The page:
IHOP made waves when it announced on Twitter that it was changing its name to IHOb—a move that prompted some faux-outrage and angst (at least on social media). The “b” stood for burgers—it was adding seven “steakhouse” burgers to its menu.
Since we live a PR-driven world of perpetual April fools-style gimmicks, the whole thing was a marketing stunt. IHOb almost immediately reverted to IHOP, and it's not yet clear if the whole charade boosted the company's bottom line.
But it’s a safe bet that more people than ever before are wondering what’s on IHOP’s menu and whether any of those foods are healthy. Fret not. We’ve got you covered.
Jim White, R.D.N., is a certified exercise physiologist and owner of Jim White Fitness Studios. Here, he breaks down the healthiest and unhealthiest options in a variety of categories on IHOP’s menu—starting with those infamous new burgers.
The Classic Hamburger vs. The Mega Monster Cheeseburger
“The Classic is clearly the more healthy option between the two,” White says. Order the Classic without cheese, and you’ll consume nearly half the calories and fully half the fat of the Mega Monster. “The Mega Monster also contains 1.5 grams of trans fat and double the sodium, carbohydrates, and sugars as the Classic,” White says.
Original French Toast vs. Stuffed French Toast with Peach Vanilla Topping
“In the French toast category, the calories jump significantly higher from the healthiest to the unhealthiest option on the menu,” White says. While the Original French Toast clocks in at 740 calories, the Stuffed French Toast with Peach Vanilla Topping packs 1,080 calories. But the real issue here is the sugar; while the Original French Toast has 28 g—a lot, but not crazy—the Stuffed French Toast with that peach topping has 89 g of sugar. And all that’s BEFORE you add syrup. Yikes.
Original Buttermilk Pancakes vs. Belgian Chocolate Pancakes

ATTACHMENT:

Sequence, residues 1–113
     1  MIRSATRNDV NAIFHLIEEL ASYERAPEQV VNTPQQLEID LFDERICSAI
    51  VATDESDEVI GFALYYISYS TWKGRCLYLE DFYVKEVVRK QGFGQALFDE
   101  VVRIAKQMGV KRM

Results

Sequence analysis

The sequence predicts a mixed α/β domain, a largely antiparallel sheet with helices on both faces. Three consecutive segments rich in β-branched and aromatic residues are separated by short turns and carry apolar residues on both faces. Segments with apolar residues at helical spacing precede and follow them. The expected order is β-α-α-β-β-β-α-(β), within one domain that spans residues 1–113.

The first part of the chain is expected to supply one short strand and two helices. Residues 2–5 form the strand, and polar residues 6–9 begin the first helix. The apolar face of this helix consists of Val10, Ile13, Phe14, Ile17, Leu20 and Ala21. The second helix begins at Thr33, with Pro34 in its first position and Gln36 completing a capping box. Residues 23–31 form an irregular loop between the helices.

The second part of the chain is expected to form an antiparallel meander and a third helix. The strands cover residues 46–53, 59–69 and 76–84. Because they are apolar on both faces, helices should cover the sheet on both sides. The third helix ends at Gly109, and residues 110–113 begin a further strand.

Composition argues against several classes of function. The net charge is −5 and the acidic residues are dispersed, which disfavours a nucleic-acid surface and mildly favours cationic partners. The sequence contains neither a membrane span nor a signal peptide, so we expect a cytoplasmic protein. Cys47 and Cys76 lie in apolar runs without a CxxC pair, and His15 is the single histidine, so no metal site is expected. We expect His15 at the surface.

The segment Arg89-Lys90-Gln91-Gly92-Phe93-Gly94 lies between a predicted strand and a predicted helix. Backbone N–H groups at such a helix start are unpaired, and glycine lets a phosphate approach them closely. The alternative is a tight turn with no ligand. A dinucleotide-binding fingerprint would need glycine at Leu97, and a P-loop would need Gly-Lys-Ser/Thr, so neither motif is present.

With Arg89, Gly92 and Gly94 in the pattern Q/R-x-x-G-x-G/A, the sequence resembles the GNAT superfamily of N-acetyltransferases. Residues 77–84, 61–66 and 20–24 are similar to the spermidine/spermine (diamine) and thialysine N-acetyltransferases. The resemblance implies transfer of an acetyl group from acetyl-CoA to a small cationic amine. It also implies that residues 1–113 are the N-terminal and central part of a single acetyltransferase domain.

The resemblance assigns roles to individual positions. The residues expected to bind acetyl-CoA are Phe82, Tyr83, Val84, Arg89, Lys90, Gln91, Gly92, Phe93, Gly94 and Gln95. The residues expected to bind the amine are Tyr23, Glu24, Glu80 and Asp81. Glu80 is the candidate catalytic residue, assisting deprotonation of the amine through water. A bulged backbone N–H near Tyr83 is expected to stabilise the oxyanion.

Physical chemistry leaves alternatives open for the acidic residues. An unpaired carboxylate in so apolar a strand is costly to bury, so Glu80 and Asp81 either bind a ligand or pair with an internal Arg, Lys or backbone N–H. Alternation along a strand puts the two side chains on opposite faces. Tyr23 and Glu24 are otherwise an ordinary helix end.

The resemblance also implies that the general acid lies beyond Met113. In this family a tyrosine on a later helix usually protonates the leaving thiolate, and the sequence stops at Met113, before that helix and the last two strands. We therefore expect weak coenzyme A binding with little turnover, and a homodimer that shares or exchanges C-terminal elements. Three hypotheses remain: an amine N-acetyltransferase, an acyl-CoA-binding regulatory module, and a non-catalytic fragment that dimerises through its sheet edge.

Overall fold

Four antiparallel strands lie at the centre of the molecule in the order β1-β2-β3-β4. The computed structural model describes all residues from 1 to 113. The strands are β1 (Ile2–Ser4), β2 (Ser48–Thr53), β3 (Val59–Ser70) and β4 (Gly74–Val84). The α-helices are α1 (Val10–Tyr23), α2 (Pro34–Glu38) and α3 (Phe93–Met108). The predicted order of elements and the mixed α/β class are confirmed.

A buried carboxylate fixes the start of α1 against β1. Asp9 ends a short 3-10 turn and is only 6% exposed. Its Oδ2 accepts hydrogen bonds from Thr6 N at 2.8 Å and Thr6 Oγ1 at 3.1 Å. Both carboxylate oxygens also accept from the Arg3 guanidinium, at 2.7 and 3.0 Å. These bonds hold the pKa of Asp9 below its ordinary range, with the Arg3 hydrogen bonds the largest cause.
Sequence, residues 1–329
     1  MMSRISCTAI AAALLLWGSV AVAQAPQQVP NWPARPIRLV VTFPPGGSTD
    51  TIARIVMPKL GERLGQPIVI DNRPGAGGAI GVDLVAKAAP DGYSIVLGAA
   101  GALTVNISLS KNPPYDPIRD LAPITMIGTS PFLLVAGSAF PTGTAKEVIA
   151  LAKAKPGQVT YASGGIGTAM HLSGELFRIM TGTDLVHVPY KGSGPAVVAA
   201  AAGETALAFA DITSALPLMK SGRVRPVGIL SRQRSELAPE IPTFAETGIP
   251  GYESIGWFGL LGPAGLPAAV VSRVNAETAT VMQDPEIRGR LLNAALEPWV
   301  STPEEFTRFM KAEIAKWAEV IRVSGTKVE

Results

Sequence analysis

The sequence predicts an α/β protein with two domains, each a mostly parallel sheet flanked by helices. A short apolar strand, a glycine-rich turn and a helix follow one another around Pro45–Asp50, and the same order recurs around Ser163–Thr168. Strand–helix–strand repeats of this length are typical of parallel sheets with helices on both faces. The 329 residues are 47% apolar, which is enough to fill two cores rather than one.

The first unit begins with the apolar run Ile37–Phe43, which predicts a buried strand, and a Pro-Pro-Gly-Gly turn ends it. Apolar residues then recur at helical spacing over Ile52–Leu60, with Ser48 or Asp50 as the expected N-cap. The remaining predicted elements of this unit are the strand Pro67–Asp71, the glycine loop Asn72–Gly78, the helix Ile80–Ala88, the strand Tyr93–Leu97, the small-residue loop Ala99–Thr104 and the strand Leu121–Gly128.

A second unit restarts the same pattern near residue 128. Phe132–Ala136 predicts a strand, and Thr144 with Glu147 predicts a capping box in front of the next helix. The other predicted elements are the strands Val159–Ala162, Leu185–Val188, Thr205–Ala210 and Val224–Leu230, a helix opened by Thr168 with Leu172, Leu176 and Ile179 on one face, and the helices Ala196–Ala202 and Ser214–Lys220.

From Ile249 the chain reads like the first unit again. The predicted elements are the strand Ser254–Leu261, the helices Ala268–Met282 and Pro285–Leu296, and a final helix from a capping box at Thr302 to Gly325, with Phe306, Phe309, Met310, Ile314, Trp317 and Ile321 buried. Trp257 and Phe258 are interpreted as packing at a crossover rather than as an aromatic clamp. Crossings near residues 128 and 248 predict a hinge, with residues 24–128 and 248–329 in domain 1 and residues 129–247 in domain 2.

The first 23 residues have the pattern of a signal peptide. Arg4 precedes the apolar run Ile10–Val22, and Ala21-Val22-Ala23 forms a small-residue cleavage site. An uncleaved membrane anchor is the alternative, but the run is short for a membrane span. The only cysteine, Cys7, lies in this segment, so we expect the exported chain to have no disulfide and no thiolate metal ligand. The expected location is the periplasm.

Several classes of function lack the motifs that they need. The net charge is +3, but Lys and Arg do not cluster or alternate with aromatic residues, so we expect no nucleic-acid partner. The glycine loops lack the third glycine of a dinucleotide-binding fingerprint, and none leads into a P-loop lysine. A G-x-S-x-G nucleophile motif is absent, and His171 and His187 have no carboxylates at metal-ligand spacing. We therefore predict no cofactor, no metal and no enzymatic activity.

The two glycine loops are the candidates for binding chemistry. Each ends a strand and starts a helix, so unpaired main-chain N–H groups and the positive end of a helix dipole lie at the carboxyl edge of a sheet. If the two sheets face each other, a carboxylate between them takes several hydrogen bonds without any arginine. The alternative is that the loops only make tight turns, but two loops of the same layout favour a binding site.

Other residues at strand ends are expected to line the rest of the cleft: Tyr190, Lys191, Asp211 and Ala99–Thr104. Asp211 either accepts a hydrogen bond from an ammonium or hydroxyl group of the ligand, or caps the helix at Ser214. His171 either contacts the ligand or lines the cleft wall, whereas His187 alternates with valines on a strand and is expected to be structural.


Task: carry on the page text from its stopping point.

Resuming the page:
“The serving size is different for the two dishes—three buttermilk pancakes compared to four chocolate pancakes,” White points out. So that’s something to keep in mind from the get-go. “The Belgian Chocolate Pancakes have almost triple the calories of the Original Buttermilk Pancakes”—1070 calories versus 430—“more than double the total fat, and more than triple the saturated fat,” he says. “The sodium levels are dramatically different as well, with the chocolate pancakes almost doubling the sodium content of the buttermilk pancakes.” Maybe most concerning: The sugar content of the Belgian Chocolate Pancakes (62 g) is “an astonishing” five-times greater than the Original Buttermilk Pancakes (12 g), he says.
Cesar Salad with Grilled Chicken vs. Cobb Salad with Crispy Chicken
When it comes to IHOP salads, it’s easy to be misled by the menu descriptions. While a Cobb salad may seem like a healthier choice than a Caesar, just the opposite is true when you break down the nutritional info. The Caesar Salad contains far fewer calories than the Cobb Salad—700 versus 1250—and roughly half the total fat, White says. Both salads are loaded with sodium—2,530 mg for the Cesar versus 2,350 mg for the Cobb salad. But the Cobb packs more sugar and almost 50% more carbs. “The grilled chicken Caesar salad is the healthier option, but the nutrition facts are nowhere near as dramatic as some of the other menu items,” White says.
Egg White Vegetable Omelet vs. Cheeseburger Omelet
OK, you probably don’t need White to explain to you which of these is healthier. The calories and total fat in the Cheeseburger Omelet more than quadruple those in the Egg White Vegetable Omelet. (1,450 versus just 330.) But the discrepancy between their sodium and carb contents is just as striking, White says. While the cheeseburger monstrosity contains a staggering 3,380 mg of sodium and 54g of carbohydrates, the Egg White Omelet packs a modest 790 mg sodium and 13g of carbs.
Bacon Crusted Chicken Breast with Potato Hash vs. Roasted Turkey and Fixings
This one’s a shocker. We don’t know what they put in that turkey gravy, but the Roasted Turkey and Fixings packs 106g of carbs and 38g sugars compared to just 44g and 5g, respectively, in the Bacon Crusted Chicken Breast. In terms of calories, fat, and sodium, “the other nutrition fact numbers are all relatively close,” White says. You know you wanted to order the bacon dish anyway. Go for it.
Bonus ‘Just Don’t Order This’ Item: Banana Crepes with Nutella
“This last item is somewhat of a nutrition nightmare,” White says. Tuck into the Banana Crepes with Nutella, and you’ll consume more than 1,000 calories, 120g of carbs, and 67g of sugar—“all in one plate!” White says. Unless it’s your birthday or you just finished an Iron Man, you probably don’t deserve a treat this decadently bad for you.